Learn about alcohol addiction & abuse
Alcohol is a central nervous system depressant that is the product of the fermentation of starches, sugars, and yeast. As the primary intoxicating ingredient in products including beer, wine, and liquor, alcohol (technically, ethyl alcohol or ethanol) is both the most commonly used and the most commonly abused drug in the United States.
Though alcohol is a depressant, it temporarily acts as a stimulant, triggering the release of the “pleasure hormone” dopamine and prompting users to experience an initial high that is marked by improved mood, loss of inhibition, and general sense of happiness. As this is occurring, though, the drug is also slowing the user’s breathing and heart rate, in addition to impairing his or her speech, thought patterns, motor skills, and coordination. Alcohol affects the cerebellum, cerebral cortex, medulla, hypothalamus, and pituitary gland.
Alcohol abuse leads to tolerance (requiring increasingly greater amounts of the drug in order to experience the high that previously resulted from smaller doses) and dependence (physical reliance upon the drug in order to forestall the onset of withdrawal symptoms).Though restricted for purchase and consumption in the United States to adults aged 21 and above, alcohol is also the most commonly abused drug among adolescents and teenagers.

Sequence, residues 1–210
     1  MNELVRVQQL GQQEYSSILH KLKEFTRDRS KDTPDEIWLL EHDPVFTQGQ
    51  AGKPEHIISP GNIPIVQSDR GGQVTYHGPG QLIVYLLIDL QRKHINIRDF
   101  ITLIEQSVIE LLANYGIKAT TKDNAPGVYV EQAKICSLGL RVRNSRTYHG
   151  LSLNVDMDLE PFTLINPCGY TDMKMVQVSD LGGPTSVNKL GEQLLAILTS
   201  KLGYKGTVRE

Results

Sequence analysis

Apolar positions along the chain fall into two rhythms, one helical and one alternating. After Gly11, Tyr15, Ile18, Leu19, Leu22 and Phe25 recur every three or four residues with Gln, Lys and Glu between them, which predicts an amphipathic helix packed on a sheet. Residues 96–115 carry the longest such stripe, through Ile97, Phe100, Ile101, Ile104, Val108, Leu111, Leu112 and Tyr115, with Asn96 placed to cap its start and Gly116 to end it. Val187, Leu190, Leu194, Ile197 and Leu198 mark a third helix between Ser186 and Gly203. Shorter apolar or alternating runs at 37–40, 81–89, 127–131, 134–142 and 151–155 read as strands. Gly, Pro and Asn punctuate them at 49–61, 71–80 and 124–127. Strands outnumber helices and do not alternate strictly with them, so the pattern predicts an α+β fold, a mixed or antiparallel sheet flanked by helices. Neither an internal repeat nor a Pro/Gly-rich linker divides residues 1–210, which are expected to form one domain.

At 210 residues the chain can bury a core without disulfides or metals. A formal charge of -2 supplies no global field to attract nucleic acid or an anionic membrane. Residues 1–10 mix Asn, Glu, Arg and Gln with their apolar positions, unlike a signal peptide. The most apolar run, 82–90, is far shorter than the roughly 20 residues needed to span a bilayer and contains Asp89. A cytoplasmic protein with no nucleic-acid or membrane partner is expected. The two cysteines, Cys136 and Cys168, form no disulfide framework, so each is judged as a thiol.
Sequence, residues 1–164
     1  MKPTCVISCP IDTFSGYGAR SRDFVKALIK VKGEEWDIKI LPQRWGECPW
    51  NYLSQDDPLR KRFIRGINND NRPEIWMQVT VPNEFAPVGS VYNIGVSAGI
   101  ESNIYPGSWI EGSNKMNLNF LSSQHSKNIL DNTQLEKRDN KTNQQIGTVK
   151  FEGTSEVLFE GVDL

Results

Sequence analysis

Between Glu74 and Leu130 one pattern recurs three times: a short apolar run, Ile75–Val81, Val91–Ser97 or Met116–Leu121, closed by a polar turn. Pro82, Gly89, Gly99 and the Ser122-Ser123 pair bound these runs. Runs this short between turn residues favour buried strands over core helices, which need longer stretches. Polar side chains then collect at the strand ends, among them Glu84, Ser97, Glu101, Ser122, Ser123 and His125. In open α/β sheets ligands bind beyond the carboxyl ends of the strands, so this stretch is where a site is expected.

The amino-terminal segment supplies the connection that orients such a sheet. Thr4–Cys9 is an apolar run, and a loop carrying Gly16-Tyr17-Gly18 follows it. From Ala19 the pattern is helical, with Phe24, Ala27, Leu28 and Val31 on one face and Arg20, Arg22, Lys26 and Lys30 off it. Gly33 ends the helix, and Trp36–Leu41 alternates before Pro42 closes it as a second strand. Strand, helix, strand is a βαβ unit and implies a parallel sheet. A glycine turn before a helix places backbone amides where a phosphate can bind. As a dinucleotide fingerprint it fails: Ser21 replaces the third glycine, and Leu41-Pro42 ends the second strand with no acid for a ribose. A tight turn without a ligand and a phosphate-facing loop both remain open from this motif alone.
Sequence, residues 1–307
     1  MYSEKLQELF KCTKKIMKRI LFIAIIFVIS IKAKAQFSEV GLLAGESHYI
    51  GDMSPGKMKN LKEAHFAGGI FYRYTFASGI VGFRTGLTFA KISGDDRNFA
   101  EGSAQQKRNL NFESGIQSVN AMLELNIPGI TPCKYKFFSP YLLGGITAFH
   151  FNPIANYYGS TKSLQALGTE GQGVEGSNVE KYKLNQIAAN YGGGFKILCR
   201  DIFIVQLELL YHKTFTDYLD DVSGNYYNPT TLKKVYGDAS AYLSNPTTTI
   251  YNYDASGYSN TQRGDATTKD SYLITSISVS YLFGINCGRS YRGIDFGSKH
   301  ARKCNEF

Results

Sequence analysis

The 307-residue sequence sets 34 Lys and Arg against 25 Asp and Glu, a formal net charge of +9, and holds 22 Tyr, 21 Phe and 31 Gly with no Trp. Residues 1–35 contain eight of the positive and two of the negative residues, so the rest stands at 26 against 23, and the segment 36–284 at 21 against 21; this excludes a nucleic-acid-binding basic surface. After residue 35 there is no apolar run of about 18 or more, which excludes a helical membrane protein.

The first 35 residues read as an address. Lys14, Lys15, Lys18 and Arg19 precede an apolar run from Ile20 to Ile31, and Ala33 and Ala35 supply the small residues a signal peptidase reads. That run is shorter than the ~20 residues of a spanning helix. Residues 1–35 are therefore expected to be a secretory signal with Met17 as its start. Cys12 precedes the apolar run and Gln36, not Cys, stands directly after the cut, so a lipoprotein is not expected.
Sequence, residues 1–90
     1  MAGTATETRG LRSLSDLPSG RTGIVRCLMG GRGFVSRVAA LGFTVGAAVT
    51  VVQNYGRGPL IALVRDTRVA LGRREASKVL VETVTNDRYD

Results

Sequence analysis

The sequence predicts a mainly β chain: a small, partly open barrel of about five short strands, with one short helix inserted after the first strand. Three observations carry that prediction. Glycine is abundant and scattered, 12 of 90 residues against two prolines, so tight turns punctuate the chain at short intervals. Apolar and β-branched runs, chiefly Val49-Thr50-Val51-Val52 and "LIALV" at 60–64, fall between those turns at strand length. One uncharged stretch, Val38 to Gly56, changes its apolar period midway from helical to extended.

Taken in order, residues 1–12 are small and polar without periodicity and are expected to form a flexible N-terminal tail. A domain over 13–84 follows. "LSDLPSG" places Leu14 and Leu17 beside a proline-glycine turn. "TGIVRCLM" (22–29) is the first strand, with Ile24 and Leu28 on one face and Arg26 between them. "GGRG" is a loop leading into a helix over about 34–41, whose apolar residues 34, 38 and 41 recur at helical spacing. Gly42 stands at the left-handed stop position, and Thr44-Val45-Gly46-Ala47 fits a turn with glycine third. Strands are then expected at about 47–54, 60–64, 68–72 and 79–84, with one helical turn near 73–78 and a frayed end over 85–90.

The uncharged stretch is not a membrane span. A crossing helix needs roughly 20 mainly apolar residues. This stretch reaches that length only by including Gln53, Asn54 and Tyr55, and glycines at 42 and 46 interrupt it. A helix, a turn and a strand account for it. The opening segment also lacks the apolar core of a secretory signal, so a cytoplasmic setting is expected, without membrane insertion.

Dependence upon or addiction to alcohol (commonly referred to as alcoholism) is a widespread problem that has caused significant damage to individuals, families, and communities. In part because of the nature of the drug and in part because of the social acceptance of drinking alcohol, alcoholism can be particularly difficult to overcome. However, decades of research has shown that with proper treatment of alcohol addiction, individuals who have struggled with a dependence can stop drinking and achieve long-term sobriety.
Alcohol abuse statistics
According to the National Institute on Alcohol Abuse and Alcoholism (NIAAA), 87.6% of U.S. adults aged 18 and above have consumed alcohol at some point in their lives. 71% of surveyed adults in the over-18 demographic told researchers they had consumed alcohol in the past year, while 56% said they had had at least one drink in the previous 30 days.
NIAAA experts estimate that about 17 million American adults have an alcohol abuse problem. The U.S. Centers for Disease Control and Prevention (CDC) has reported that alcohol is responsible for about 88,000 deaths (and 2.5 million years of potential life lost) each year. On a global level, the World Health Organization (WHO) reports that alcohol is responsible for 3.3 million deaths, or 5.9% of all global deaths, every year.
Causes and risk factors for alcohol abuse
As with most cases of substance abuse and addiction, experts believe that alcohol problems may be caused by genetic influences, environmental forces, or (most likely) a combination of the two.
Genetic: Several studies strongly suggest that genetics plays a role in determining whether or not a person will have a problem with alcohol abuse. People who have a family history of alcoholism are at increased risk for having the disorder themselves; when alcoholism is present in a first-degree family member (parent or sibling), the risk is even greater. In December 2014, researchers revealed that they had discovered sets of genes that worked as networks in alcoholics, but did not function in a similar manner in people who were not dependent upon alcohol.